UPDATE 2023-03-27: This page is obsolete, as it refers to a prior version of this blog. However, it may be of historical interest.

The basic principles I tried to follow in creating the this site were as follows:

  • The site should be entirely text-based, with minimal or no use of graphics.
  • All web pages on the site should validate as HTML 4.01 Strict.
  • All web pages on the site should be accessible using URIs that hide the details of the particular content type or page generation mechanism associated with the page.
  • The site should be a transparent upgrade from my previous site (created a few years ago), so that all previous URLs should continue to work.

The following sections expand on these points:

Text-based site

When it comes to designing a web site, I have an unfortunate problem: I very much appreciate good graphic design but am utterly incapable of actually doing graphic design. I guess I could try stealing (I mean, “taking inspiration from”) someone else’s design, but unless I did a literal copy I’d probably mess up the design in the process of reusing it.

I’ve therefore decided to avoid the problem entirely and just create an entirely text-based site using a minimal design, minimal enough that hopefully I won’t screw it up too badly. As a side benefit this means that the site should load faster; this may help offset the penalty of doing URL rewriting and dynamic page generation for the weblog.

(Note that if some graphic designer out there wants to help me create a better looking site, whether on a volunteer basis or for a fee, I’d be happy to entertain any offers!)

Use of HTML 4.01 Strict

Since I volunteer for the Mozilla project I feel it’s incumbent on me to support the use of web standards; this would also show off the standards support in Firefox and the browser component of the Mozilla Suite. I then faced the choice between using HTML 4.01 or XHTML 1.0 (or XHTML 1.1 if I wanted to be truly au courant).

In the end I was swayed by Ian Hickson’s comments on XHTML and decided to use HTML 4.01 Strict. I did do some experiments in serving HTML or XHTML depending on the browser; in particular, I implemented a test Blosxom plugin to do content negotiation and send back content of the appropriate type depending on what the browser would accept. (The plugin works by checking the HTTP Accept header and tweaking the Blosxom ”flavour” value appropriately.) However in the end I decided it wasn’t worth the trouble.

(Briefly, the problem is that some browsers that can properly interpret the XHTML content type application/xhtml+xml, like Safari and Opera, don’t indicate an explicit preference for that content type over the HTML content type text/html. But if a browser doesn’t indicate an explicit preference then we have to send HTML; otherwise we’d break Internet Explorer. So we can’t take advantage of the XHTML support in Safari and Opera without doing browser sniffing; the more “pure” approach using just content negotiation works only for Mozilla, Firefox, and other browsers that explicitly indicate a preference for XHTML.)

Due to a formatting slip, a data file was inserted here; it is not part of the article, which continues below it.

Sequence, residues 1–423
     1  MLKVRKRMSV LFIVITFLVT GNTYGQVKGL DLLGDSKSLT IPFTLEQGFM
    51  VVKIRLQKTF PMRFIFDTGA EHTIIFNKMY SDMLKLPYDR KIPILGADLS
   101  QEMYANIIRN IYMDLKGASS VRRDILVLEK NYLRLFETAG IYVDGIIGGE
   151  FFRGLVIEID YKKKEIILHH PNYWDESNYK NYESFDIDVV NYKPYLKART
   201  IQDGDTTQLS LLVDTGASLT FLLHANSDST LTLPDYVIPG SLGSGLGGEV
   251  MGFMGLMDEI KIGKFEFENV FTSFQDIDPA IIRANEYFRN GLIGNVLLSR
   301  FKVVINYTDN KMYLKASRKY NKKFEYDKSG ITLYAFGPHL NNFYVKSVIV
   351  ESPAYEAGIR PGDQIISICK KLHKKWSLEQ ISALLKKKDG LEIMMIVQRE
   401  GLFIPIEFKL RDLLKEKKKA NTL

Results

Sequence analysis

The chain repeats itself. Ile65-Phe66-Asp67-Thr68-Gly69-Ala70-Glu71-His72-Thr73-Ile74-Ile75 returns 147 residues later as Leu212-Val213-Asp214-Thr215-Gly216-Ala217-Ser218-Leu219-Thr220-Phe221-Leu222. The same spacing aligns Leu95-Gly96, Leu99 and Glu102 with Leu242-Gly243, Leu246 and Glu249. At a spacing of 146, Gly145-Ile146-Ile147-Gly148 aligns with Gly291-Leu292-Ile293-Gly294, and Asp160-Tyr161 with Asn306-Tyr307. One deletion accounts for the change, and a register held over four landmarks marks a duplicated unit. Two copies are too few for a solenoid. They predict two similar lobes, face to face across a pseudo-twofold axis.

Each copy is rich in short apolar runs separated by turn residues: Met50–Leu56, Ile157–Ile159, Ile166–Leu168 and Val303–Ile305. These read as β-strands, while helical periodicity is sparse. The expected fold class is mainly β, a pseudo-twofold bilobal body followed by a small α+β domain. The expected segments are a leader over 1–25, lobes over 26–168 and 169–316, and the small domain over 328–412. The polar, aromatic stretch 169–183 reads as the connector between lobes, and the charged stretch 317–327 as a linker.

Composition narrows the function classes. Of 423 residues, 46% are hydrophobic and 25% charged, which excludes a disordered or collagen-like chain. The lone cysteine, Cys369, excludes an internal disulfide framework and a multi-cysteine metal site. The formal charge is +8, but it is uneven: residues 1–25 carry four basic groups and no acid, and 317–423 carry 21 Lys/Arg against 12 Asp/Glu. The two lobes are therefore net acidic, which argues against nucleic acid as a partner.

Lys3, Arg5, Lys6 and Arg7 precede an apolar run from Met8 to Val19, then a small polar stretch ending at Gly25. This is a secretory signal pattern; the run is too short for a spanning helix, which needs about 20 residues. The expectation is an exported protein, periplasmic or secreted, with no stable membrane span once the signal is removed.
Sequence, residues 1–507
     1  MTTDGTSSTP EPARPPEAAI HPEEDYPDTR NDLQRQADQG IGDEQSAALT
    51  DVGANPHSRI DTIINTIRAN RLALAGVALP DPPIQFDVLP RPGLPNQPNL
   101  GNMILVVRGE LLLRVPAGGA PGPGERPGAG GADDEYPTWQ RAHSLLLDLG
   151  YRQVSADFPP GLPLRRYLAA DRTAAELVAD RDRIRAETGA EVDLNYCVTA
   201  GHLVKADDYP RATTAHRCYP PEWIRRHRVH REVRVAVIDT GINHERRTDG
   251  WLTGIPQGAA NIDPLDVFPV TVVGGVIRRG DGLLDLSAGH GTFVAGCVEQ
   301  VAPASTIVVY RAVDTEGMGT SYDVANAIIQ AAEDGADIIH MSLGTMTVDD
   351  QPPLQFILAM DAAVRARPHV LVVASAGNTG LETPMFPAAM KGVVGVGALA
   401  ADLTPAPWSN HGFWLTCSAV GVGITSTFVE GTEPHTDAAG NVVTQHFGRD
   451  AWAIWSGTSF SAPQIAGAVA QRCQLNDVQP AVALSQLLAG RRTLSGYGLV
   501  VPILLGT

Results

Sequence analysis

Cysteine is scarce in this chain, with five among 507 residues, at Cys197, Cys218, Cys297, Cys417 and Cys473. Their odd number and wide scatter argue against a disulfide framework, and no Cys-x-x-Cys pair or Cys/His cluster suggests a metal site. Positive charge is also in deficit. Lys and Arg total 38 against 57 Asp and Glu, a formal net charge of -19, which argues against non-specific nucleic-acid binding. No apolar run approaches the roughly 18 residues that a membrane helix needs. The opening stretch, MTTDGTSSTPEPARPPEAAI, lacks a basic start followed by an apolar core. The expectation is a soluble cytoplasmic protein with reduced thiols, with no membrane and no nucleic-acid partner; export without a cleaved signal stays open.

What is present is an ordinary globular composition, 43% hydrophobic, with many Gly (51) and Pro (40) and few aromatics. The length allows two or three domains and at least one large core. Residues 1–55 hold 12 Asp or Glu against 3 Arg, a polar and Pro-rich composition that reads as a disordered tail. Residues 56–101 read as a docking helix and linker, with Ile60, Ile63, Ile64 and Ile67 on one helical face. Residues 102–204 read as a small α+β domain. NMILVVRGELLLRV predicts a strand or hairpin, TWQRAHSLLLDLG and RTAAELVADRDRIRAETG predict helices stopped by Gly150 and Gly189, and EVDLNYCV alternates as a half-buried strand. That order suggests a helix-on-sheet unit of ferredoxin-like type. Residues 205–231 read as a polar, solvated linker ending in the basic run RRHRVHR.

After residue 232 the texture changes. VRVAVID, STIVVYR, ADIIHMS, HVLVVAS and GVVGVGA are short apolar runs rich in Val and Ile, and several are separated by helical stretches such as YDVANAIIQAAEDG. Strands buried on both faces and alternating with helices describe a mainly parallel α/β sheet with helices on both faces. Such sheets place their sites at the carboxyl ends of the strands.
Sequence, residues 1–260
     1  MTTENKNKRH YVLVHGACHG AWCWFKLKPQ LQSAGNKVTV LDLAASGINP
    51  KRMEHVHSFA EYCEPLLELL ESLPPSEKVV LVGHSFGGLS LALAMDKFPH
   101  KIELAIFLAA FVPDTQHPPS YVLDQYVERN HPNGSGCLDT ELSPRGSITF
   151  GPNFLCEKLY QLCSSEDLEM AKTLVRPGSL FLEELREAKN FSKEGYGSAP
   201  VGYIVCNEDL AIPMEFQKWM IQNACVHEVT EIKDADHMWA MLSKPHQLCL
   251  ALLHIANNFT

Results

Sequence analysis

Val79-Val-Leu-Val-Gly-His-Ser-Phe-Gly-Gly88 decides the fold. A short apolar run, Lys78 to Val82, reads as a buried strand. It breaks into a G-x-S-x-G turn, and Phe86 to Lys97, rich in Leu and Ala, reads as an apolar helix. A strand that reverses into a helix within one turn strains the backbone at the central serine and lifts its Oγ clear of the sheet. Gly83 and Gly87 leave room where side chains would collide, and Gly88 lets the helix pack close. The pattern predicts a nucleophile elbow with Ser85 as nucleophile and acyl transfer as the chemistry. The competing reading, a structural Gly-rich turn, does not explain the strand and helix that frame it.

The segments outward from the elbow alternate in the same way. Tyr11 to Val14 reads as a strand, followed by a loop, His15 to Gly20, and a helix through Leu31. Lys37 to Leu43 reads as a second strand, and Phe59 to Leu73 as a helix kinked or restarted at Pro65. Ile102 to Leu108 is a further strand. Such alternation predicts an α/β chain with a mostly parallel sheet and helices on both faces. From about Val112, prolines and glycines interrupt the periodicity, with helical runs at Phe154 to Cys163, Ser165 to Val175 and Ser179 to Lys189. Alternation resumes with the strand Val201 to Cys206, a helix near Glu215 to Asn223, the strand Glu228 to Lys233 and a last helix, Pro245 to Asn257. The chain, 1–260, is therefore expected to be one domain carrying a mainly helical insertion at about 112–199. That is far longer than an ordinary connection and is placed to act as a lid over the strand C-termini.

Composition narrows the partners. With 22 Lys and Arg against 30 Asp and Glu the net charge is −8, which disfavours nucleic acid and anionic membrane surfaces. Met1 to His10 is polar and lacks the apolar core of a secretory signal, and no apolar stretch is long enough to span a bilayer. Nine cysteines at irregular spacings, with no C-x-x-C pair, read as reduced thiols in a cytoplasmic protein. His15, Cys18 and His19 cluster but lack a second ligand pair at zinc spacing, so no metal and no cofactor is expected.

Cool URIs

My guides in designing a URI scheme have been Tim Berners-Lee’s essay “Cool URIs don’t change” and Jakob Neilsen’s essay “URL as UI.”

I haven’t taken all their advice; in particular, I didn’t want to implement the full date-based URI scheme recommended by Berners-Lee, or the use of a spell-checking web server as recommended by Neilsen.

These are the principles I’m trying to follow:

  • allow file extensions to be omitted on all site URIs, e.g., .../site/design-philosophy instead of .../site/design-philosophy.html

  • use only lower-case alphanumeric text in URI path components, with a hyphen used to separate words, e.g., design-philosophy instead of design_philosophy, DesignPhilosophy, or (worst of all) design%20philosophy.

  • hide the fact that Blosxom (or some other mechanism) is being used to generate pages, e.g., .../site/design-philosophy instead of .../cgi-bin/blosxom.cgi/site/design-philosophy

  • use a flat one- or two-level hierarchy for organizing the site, e.g., .../mozilla/foo instead of .../computers/internet/browsers/mozilla/foo

Transparent upgrade

I’ve had my web site active for several years, and in some cases I’ve published articles that other people have linked to. I wanted to turn my home page into the index page for my weblog, and have category index pages under that, e.g., http://www.hecker.org/mozilla/ for my Mozilla-related blog postings. However at the time I needed to ensure that the URIs for existing directories and files would still work.

In particular, I wanted to ensure the following:

  • all URIs for existing documents (e.g., http://www.hecker.org/info/bio.html) would continue to return the appropriate document
  • all URIs for existing directories (e.g., http://www.hecker.org/writings/) would return either the existing index page or (optionally) an index page for a blog category (e.g., http://www.hecker.org/mozilla/)
  • all other URIs would be considered as requests for blog-related pages


See the site’s colophon for more information on how I put the above philosophy into practice. (In short, it involves using the Blosxom blogging system and lots of URI rewriting.)